Names: Butler, O'Neal

From: Ken and Laurie Huffman [[email protected]]
Sent: Sunday, April 25, 2004 7:56 AM
To: Kim
Subject: RE: Brown County (1870 Census Index)


It is I who should be apologizing. I noted that you were new and got in a hurry and forgot to give additional information that would have helped. First of all the census fields:

  1. the 8/8 stands for Dwelling # / Family #. When the census enumerator started the list the first place he came to was 1/1 and so on. In some earlier censuses, these numbers were for the whole county, in later ones, each township was numbered separately. This may have been because they had more than one person doing the work. Anyway, it gives you a relative position in the census for looking for the family should you ever need to go back.
  2. The date, 8 Jun 1870, is the day the census record was made for that family. It’s nice to have and does serve a purpose occasionally in helping to determine ages of people. In this case its only nice to have.
  3. The number following the name is the age.
  4. The next field is sex.
  5. The next field is occupation, but this is not filled out for everyone and is often blank.
  6. The last filed is the birthplace of the individual.


There are other fields in the census that I do not include. They are sometimes of interest but have no genealogical significance.


Birth certificates: You will be somewhat disappointed to find out that the States did not enforce by law the recording of births until the 1900’s. For Illinois it was about 1916. Some counties did collect births prior to that but kept them poorly and haphazardly. Same applies for deaths. However, burial/death records were much better preserved and sometime give the birth date as well. While it is not considered a primary source for births, it may be the only source.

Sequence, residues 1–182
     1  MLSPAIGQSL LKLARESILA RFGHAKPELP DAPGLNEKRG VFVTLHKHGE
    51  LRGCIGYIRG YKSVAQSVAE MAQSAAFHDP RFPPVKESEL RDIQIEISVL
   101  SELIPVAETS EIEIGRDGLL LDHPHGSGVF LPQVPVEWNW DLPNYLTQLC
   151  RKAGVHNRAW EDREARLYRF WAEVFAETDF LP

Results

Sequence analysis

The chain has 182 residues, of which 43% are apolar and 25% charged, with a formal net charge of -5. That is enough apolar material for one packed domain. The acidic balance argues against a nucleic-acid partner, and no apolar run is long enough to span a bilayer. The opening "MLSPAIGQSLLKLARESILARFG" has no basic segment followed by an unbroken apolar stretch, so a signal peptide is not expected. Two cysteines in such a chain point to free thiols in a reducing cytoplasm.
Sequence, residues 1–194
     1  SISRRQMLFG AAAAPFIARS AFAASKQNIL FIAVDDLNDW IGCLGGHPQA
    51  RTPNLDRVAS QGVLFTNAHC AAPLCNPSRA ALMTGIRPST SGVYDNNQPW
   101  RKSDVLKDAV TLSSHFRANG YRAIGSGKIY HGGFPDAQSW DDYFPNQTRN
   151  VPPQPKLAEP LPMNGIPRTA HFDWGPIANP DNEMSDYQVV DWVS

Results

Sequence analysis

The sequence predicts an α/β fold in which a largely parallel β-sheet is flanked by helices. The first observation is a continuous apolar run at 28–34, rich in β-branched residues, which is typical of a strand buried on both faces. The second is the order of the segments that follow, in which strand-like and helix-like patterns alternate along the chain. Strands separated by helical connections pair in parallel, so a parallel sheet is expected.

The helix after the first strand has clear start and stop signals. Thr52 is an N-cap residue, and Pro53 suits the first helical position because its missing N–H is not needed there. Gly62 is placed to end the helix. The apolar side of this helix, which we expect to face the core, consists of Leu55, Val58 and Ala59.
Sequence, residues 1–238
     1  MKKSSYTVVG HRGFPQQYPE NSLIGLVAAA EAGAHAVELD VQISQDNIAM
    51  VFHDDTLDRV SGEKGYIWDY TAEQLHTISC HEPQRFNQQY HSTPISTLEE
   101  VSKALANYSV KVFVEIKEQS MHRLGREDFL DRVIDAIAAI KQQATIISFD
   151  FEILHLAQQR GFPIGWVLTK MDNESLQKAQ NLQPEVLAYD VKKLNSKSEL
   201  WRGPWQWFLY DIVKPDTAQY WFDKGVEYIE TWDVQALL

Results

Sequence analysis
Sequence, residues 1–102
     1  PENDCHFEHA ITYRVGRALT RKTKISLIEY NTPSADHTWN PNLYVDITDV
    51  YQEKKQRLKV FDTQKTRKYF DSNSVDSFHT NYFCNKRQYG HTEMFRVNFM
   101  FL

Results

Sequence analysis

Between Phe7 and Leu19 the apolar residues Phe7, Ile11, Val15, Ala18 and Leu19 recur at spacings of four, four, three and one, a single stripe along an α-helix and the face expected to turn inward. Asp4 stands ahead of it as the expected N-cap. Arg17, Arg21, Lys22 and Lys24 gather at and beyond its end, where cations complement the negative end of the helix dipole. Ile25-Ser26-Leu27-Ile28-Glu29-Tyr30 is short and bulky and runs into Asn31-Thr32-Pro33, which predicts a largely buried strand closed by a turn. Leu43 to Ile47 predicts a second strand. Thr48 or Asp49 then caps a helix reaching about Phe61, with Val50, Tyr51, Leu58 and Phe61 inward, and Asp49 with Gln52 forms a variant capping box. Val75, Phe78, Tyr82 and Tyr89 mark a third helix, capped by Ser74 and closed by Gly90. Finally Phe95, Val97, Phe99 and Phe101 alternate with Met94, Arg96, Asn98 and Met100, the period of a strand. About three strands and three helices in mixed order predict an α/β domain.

Here are the death records for Daniel and Josephine:


From Cemeteries of Brown County, Illinois

Ripley Cemetery, pp. 313-331

Daniel W. O’Neal, Corp. Co. 16th Inf., d. 29 Jul 1906

Josephine O’Neal, d. 19 Mar 1914.


Several of their children are buried here too.



Here is the marriage information and you can get a notarized certificate from the county for this. Last I checked it was $5. Here’s the url for this resource:

Groom                         Bride                                        Date                 Book/page Entry          County

ONEAL, DANIEL W   BUTLER, JOSEPHINE       07/03/1867  C  /56   707      BROWN              


I hope this helps you a little. The burial entries did not provide  birth dates as I had hoped but at least you can calculate the year of birth from the census. They also should have obituaries in the local newspaper that might give their birth dates. The Versailles Area Historical and Genealogical Society has a collection of  obituaries and you should be able to write them and request the obituaries for them. I do not know if they charge for the service. You can get their address from the Brown county Webpage.



Ken Huffman


-----Original Message-----
From: Kim [mailto:[email protected]]
Sent: Sunday, April 25, 2004 1:13 AM
To: Ken and Laurie Huffman
Subject: Re: Brown County (1870 Census Index)


Sorry that I am new but what do these numbers mean?  Can I find a birth certificate from these?

----- Original Message -----

From: Ken and Laurie Huffman

To: Kim

Sent: Saturday, April 24, 2004 6:31 AM

Subject: RE: Brown County (1870 Census Index)



Here is the information you requested:


1870 Census, Brown County, Illinois Missouri Twp

8/8                  8 June 1870

Daniel O’Neal 32 m farmer Illinois

Josephine O’Neal 22 f Illinois

Elsworth O’Neal 21 m laborer Illinois



Ken Huffman


-----Original Message-----
From: Kim [mailto:[email protected]]
Sent: Monday, April 19, 2004 12:47 AM
To: [email protected]
Subject: Brown County (1870 Census Index)


I am searching for information on Daniel O'Neal.  I located him in your list under heads of households M8 was his number.  I am looking for his birth cert., marriage cert. (to Josephine Butler) and death cert.  I am new to this and I apologize if I have done this wrong.  Thanks, Kim Lovell